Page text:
Friends of Grasslands
supporting native grassy ecosystems
PO Box 440
Macquarie ACT 2614
National Capital Authority
GPO Box 373
CANBERRA ACT 2601
Dear Mr Smith
Development Control Plan 16/01 Blocks 4 & 5 Section 38 Campbell
Friends of Grasslands (FOG) is a community group dedicated to the conservation of natural temperate grassy ecosystems in south-eastern Australia. FOG advocates, educates and advises on matters to do with the conservation of grassy ecosystems, and carries out surveys and other on-ground work. FOG is based in Canberra and its members include professional scientists, landowners, land managers and interested members of the public.
FOG is concerned that the provisions of this Development Control Plan (DCP) may not be compatible with the future viability of the endangered species and communities on and adjacent to Blocks 4 & 5, Section 38 Campbell (the Site) covered by the DCP. In particular, Landscape Zones 2 and 3 set out in the DCP will not offer adequate protection to these endangered species and communities. FOG is also concerned that the landscape character proscribed under the DCP will adversely affect the endangered species and communities on and adjacent to the Site. The attached diagram, Figure 1, indicates the location of the endangered species and communities and their relationship to the Landscape Zones.
The area is next to a significant population of the endangered Hoary Sunray (Leucochrysum albicans var. tricolor). While this population has persisted adjacent to a low density office and carpark, it would almost certainly be impacted, if not totally destroyed in the long term, by high density residential and commercial developments on the Site. This population will be made more vulnerable because of its proximity to the designated secondary access to the Site.
An area of Natural Temperate Grassland (NTG) listed in the ACT Government’s Action Plan 281 as an area of conservation category 2 occupies part of the Site and an adjacent site. While the area within the Site may not seem large, it is significant for two reasons. Firstly, quite small areas of NTG can persist and remain viable in the long term if managed appropriately. Secondly, this area of NTG is in fact part of a larger area on the adjoining block. Destroying this NTG area will impact on the long term viability of the NTG patch on the adjoining block. In this context, I would draw your attention to the recent change of status under the Commonwealth EPBC Act for NTG in the South Eastern Highlands – from endangered to critically endangered.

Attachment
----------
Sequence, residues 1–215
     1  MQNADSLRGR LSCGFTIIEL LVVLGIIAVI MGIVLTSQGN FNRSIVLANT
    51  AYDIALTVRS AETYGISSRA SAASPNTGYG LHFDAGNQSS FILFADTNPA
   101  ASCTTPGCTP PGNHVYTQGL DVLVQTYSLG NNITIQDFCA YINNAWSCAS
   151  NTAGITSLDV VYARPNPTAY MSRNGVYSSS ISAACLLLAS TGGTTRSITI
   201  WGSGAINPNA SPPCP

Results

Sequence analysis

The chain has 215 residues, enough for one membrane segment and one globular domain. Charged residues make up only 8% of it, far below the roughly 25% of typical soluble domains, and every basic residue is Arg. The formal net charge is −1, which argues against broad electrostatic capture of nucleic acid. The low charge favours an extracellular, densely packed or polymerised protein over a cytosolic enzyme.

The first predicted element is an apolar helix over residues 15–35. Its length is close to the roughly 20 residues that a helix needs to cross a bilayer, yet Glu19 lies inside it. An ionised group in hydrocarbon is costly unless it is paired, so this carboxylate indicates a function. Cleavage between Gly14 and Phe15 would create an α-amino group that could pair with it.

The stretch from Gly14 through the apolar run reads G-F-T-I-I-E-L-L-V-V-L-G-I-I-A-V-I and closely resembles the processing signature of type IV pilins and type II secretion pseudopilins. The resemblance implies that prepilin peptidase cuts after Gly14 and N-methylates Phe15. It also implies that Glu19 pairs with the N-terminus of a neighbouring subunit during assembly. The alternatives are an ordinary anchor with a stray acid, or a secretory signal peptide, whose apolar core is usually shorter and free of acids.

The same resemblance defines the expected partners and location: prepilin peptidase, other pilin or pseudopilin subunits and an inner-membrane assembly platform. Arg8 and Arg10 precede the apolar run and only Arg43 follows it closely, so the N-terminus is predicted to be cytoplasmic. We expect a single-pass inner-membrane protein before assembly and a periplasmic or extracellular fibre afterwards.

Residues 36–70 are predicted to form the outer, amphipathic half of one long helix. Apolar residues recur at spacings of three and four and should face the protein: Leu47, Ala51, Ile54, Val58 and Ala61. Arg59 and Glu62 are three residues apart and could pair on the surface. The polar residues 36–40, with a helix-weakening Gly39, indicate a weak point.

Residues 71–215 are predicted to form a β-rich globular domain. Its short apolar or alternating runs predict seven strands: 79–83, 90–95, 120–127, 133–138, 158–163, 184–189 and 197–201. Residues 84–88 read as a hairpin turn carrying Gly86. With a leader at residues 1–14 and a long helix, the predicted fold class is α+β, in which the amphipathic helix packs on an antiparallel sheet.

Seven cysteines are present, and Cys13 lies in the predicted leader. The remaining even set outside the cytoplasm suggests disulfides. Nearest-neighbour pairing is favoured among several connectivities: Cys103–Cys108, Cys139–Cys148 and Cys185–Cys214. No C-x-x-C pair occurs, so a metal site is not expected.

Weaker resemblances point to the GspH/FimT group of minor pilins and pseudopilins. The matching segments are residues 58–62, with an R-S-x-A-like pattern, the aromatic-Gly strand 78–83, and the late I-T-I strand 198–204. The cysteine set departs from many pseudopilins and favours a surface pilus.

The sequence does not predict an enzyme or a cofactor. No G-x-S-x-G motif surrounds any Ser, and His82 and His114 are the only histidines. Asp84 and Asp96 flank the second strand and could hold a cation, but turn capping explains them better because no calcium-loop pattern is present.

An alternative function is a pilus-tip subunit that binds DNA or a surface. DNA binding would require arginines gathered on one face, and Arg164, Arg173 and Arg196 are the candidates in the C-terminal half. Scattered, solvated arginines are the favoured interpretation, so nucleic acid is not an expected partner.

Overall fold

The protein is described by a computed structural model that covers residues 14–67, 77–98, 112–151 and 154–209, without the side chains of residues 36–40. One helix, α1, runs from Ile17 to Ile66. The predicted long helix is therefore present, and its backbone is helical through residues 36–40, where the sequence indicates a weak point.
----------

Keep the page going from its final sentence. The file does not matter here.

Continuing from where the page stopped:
While FOG is pleased that a high standard of landscape design is required for the Site, the provision that ‘a continuous canopy of endemic trees shall dominate the border of the site commensurate with the landscape character of Mount Ainslie’ (Part 2, Urban design principles) is of concern. A continuous canopy will provide dense shade and create an environment in which the grasslands cannot thrive. The landscape character of Mt Ainslie is predominately grassy woodland, not natural temperate grassland. Hoary Sunray, though found in grassy woodlands well as natural temperate grasslands, does not cope well with dense shade.
The creation of Landscape Zones which are a regulation distance from the site boundary offers clarity and certainty to the developer; it ignores, however, the natural values of the site. For example, a landscape Zone 2 which echoed the location of the NTG area on that part of the Site would better protect the remaining NTG. Landscape Zone 3 could be similarly modified and perhaps become narrower in places where the NTG and Hoary Sunray will not be impacted.
FOG hopes that some revision of the DCP can be made which will help mitigate adverse environmental impacts on the Site and the adjacent land which will almost certainly occur from any development of the site under the DCP as currently drafted.
9 April 2016
1. ACT Government (2005) ‘A Vision Splendid of the Grassy Plains Extended – ACT Lowland Native Grassland Conservation Strategy’. Action Plan 28. Environment ACT, Canberra